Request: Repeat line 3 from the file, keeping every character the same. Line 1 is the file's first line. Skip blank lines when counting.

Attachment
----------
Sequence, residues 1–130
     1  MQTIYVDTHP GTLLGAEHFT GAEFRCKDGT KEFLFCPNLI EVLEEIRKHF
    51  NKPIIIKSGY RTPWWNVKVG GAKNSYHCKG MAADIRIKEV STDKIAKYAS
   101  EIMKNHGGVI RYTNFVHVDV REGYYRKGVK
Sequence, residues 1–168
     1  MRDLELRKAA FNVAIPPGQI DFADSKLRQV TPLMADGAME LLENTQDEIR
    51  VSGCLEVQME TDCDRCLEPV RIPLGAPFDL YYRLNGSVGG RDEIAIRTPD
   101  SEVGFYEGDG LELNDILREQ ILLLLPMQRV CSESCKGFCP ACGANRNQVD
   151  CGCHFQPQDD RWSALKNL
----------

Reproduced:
    51  NKPIIIKSGY RTPWWNVKVG GAKNSYHCKG MAADIRIKEV STDKIAKYAS